Speaking with his disingenuousness dial set to maximum, Education Minister George Abbott talks as if the provincial government is merely an interested observer to the teachers’ labour negotiations,
“We do hope the parties eventually reach agreement but it may be some time before they do.”
Abbot quickly drops that pretense and lays out the overriding government position,
“We have a deficit in British Columbia; we have a lot of economic storm clouds still circling… We are not in a position to offer the teachers something… British Columbia is not immune from all of those economic pressures.”
That same determination to protect the public purse seemed lacking though when the Campbell Government dealt with its own insiders. From Sean Holman’s Public Eye Online:
The biggest severance payment – $549,776 – went to Allan Seckel who was replaced by John Dyble as the premier’s deputy minister. But tourism, trade and investment deputy minister Martyn Brown also received a large payout – $416,191. Those amounts include Messrs. Dyble and Brown’s performance pay.
Meanwhile, children and family development deputy minister Lesley du Toit and public affairs bureau head Ron Norman received $337,413 and $323,917 in severance respectively. That amount that doesn’t include their performance pay, which has yet to be determined. The following is a complete list of the aforementioned severance payments.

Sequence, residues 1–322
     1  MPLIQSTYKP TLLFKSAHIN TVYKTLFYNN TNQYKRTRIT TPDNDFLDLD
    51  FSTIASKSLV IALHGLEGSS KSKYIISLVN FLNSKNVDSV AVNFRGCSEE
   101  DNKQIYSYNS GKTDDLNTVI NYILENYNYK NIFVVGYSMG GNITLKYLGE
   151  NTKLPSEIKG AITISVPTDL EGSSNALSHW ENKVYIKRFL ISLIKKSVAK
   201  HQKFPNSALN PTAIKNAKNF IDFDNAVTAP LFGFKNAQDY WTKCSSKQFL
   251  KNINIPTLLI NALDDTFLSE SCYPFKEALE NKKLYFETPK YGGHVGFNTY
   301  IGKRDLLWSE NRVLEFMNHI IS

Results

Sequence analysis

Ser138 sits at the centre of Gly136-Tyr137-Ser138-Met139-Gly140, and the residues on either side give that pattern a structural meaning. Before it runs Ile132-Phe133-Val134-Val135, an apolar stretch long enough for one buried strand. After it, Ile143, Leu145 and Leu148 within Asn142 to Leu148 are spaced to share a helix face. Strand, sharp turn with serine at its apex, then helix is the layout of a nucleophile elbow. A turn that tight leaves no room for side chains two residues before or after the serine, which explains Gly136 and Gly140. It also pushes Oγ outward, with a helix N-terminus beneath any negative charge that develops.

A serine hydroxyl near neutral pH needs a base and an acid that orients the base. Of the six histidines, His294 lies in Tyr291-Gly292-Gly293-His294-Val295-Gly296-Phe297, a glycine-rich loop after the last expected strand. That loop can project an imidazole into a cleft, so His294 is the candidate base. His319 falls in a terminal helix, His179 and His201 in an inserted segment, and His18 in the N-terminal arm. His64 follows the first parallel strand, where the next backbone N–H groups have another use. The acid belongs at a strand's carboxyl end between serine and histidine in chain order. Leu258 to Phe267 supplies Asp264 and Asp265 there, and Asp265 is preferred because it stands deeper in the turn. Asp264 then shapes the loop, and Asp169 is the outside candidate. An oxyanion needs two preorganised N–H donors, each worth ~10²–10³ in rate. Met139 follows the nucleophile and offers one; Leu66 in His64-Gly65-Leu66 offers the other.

According to CBC’s report on B.C.’s top paid public sector executives , political appointee Allan Seckel’s total earnings amounted to $861,152.
Apparently economic storms that threaten British Columbia are intermittent. After all, little more than a year ago, British Columbia was in wonderful financial shape:
By: Dirk Meissner, The Canadian Press, May. 19, 2010:
Finance Minister Colin Hansen says B.C.’s recession is over and he has a top 10 list of things to prove it.
Hansen said Wednesday the provincial economy is rebounding after huge drops in revenues and a record budget deficit of $2.8 billion last year.
He produced a list of 10 economic indicators that include positive forecasts from the Conference Board of Canada and the Canada Mortgage and Housing Corp., as well as rising employment numbers, building permits and tourist visits.
What we have seen is steady economic growth and what the economists will tell us is that meets the definition of the end of a recession,” said Hansen. “So, I think we’re going to see steady economic growth from here forward.”
Hansen said the Conference Board of Canada forecasts B.C. economic growth of 3.8 per cent this year.“And Canada Housing and Mortgage Corp., says B.C. will lead Canada in housing starts — up by 37 per cent in 2010 — and sawmills are reopening after extended shut downs…”